Abcam

1:50

>10 %

CS

47.9 (18–72)

34

58.8

Re

S

8

Chen et al. 2012a, b

China

2000–2009

29 (6–100)

IHC

Santa

1:100

SS

OS

18.5 (11–72)

49

55.1

Pro

S

9

Zeng et al. (2010)

China

NR

NR

IHC

NR

1:100

SS

OS

18.6 (7–49)

45

55.6

Re

S

7

Huang et al. (2010)

USA

1987–2006

27.5 (0.7–229)

IHC

Labvision

NR

>10 %

STS

64 (21–85)

39

41.0

Re

S

7

Boeuf et al. (2010)

Germany

NR

116.3

IHC

BD

1:1250

SS

CS

NR

65

33.8

Re

M

8

Hoffmann et al. (2009)

Germany

NR

NR

RT-RCP

NR

STS

57 (16–85)

45

64.4

Re

S

7

Mizobuchi et al. (2008)

USA

NR

NR

IHC

Novus

1:100

SS

OS

21 (7–38)

48

37.5

Re

S

7

Kubo et al. (2008)

Japan

1986–2001

78 (1–192)

IHC

Novus

1:1000

>10 %

CS

42 (15–71)

20

40.0

Re

S

8

Chen et al. (2008)

China

NR

NR

IHC

NeoMarkers

1:70

SS

OS

NR (3–63)

25

68.0

Re

S

6

Yang et al. (2007)

China

NR

50 (13–86)

IHC

Santa

1:50

SS

OS

19 (5–56)

39

43.6

Re

S

8

Shintani et al. (2006)

Japan

NR

39 (5–181)

IHC

Novus

1:1000

SS

STS

63 (12–85)

42

52.4

Re

S

7

NR not reported, IHC immunohistochemistry, RT-PCR reverse transcription-polymerase chain reaction, SS score system combining intensity and percentage, OS osteosarcoma, STS soft tissue sarcoma, CS chondrosarcoma, Re retrospective, Pro prospective, M multi-center, S single center, NOS Newcastle–Ottawa Scale

Baseline characteristics of the included 16 studies are tabulated and shown in Table 1. Briefly, all the 16 literatures were in English. Two studies were prospectively designed and 14 studies were retrospectively designed. Study sample sizes ranged from 20 to 200, and a total of 942 sarcoma patients were included. The rate of HIF-1α expression ranged from 33.8 to 79.9 % and 531 patients had positive HIF-1α expression.

Quantitative data synthesis

A total of 10 studies with 685 patients were included in the analysis of overall survival. The heterogeneity was not significant (I2 = 15.4 %, P = 0.302). Expression of HIF-1α was significantly associated with poor overall survival under fixed-effect model (HR 2.05, 95 % CI 1.51–2.77, P < 0.001) and random effect model (HR 2.10, 95 % CI 1.50–2.95, P < 0.001) (Fig. 2).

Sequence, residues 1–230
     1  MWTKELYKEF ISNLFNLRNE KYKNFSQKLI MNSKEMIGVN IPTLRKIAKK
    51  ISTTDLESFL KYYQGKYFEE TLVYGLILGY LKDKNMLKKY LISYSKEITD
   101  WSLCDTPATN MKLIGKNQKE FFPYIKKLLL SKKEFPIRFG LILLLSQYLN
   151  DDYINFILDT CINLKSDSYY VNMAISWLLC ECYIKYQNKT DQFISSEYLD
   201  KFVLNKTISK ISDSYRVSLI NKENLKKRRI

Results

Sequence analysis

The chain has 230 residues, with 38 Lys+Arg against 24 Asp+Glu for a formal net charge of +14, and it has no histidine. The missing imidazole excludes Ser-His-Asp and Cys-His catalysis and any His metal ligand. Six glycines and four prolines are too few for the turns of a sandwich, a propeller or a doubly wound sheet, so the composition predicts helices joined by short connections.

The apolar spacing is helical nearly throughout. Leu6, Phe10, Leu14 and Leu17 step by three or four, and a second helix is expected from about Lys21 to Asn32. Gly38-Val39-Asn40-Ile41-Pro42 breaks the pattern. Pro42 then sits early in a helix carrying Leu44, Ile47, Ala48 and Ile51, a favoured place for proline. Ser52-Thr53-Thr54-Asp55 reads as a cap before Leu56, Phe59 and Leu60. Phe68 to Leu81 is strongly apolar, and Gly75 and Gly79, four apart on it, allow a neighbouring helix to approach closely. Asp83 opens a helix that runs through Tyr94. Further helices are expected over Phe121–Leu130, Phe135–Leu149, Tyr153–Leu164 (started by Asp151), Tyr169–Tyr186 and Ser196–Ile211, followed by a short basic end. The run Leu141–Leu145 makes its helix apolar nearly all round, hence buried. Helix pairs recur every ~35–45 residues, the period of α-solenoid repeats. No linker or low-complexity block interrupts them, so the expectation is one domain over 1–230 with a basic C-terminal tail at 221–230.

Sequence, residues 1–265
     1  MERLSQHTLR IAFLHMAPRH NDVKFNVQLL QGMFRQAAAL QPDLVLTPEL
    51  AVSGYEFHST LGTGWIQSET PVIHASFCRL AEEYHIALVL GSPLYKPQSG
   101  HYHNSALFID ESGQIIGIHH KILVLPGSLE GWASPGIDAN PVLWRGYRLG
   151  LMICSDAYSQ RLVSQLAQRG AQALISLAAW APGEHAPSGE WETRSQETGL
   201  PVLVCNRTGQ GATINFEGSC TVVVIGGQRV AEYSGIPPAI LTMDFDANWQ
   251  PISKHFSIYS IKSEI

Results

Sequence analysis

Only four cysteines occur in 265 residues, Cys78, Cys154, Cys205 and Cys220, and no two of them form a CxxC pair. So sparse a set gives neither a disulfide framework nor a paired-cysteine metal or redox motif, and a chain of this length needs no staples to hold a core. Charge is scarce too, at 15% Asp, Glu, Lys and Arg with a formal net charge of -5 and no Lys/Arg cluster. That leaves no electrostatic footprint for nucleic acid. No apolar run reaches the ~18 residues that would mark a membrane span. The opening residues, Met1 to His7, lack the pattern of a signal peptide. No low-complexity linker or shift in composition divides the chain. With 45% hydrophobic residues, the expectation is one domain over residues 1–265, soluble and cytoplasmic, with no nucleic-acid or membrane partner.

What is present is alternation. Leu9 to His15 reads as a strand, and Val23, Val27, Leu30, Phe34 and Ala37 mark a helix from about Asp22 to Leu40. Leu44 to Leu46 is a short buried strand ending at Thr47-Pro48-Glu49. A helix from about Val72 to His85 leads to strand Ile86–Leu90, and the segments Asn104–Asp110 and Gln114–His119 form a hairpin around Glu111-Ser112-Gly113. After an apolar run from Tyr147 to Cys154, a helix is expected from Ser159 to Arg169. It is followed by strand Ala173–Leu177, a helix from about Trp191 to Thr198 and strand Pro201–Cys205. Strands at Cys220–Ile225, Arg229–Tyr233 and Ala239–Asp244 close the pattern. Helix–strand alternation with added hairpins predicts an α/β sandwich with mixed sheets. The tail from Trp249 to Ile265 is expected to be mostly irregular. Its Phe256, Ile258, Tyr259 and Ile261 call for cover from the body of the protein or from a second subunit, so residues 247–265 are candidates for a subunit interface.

Fig. 2

Meta-analysis of the effect of HIF-1α expression on overall survival

In the analysis of disease-free survival, 8 studies with 359 patients were included. The heterogeneity was not significant (I2 = 0.0 %, P = 0.768). The analysis indicated that expression of HIF-1α was significantly associated with poor disease-free survival under fixed effect model (HR 2.05, 95 % CI 1.55–2.70, P < 0.001) and random-effect model (HR 2.05, 95 % CI 1.55–2.70, P < 0.001) (Fig. 3).
Fig. 3

Meta-analysis of the effect of HIF-1α expression on disease-free survival

For metastasis, 6 studies with 363 patients were included. The heterogeneity was not significant (I2 = 0.0 %, P = 0.632). The analysis showed that HIF-1α expression was significantly associated with higher rate of metastasis under fixed effect model (RR 3.21, 95 % CI 2.13–4.84, P < 0.001) and random effect model (RR 2.79, 95 % CI 1.89–4.12, P < 0.001) (Fig. 4).
Fig. 4

Meta-analysis of the effect of HIF-1α expression on metastasis

Subgroup analysis of osteosarcoma

The pooled HR estimate for overall survival in osteosarcoma group was 2.32 (95 % CI 1.47–3.66) under both fixed-effect model and random-effect model. For disease-free survival, the pooled HR estimate was 2.43 (95 % CI 1.16–5.09) under both fixed-effect model and random-effect model. The heterogeneity was not significant (Table 2).
Table 2

Main results of meta-analysis

 

No. of studies

Patients

Heterogeneity test (I2, P)

Combined estimate (95 % CI)/P value

Fixed-effect model

Random-effect model

Overall patients

 OS

10

685

15.4 %, 0.302

HR 2.05 (1.51–2.77)/<0.001

HR 2.10 (1.50–2.95)/<0.001

 DFS

8

359

0.0 %, 0.768

HR 2.05 (1.55–2.70)/<0.001

HR 2.05 (1.55–2.70)/<0.001

 MET

6

363

0.0 %, 0.632

RR 3.21 (2.13–4.84)/<0.001

RR 2.79 (1.89–4.12)/<0.001

Osteosarcoma

 OS

4

270

0.0 %, 0.692

HR 2.32 (1.47–3.66)/<0.001

HR 2.32 (1.47–3.66)/<0.001

 DFS

3

138

0.0 %, 0.473

HR 2.43 (1.16–5.09)/0.018

HR 2.43 (1.16–5.09)/0.018

Soft tissue sarcoma

 OS

5

381

47.8 %, 0.105

HR 1.68 (1.07–2.63)/0.025

HR 1.94 (0.98–3.83)/0.055

 DFS

3

136

0.0 %, 0.657

HR 2.06 (1.41–3.02)/<0.001

HR 2.06 (1.41–3.02)/<0.001

Chondrosarcoma

 OS

1

34

HR 2.83 (1.11–7.22)/0.030

HR 2.83 (1.11–7.22)/0.030

 DFS

2

85

29.7 %, 0.233

HR 1.87 (1.15–3.04)/0.011

HR 1.96 (1.06–3.64)/0.033

OS overall survival, DFS disease-free survival, MET metastasis, HR hazard ratio, RR relative risk

Subgroup analysis of soft tissue sarcoma

Under fixed-effect model, significantly poorer overall survival (HR 1.68, 95 % CI 1.07–2.63, P = 0.025) and disease-free survival (HR 2.06, 95 % CI 1.41–3.02, P < 0.001) were found in soft tissue sarcoma patients with expression of HIF-1α.However, under random effect model, the correlation to overall survival was not found to be significant (HR 1.94, 95 % CI 0.98–3.83, P = 0.055), while the correlation to poorer disease-free survival was still significant (HR 2.06, 95 % CI 1.41–3.02, P < 0.001).The heterogeneity was not found to be significant (Table 2).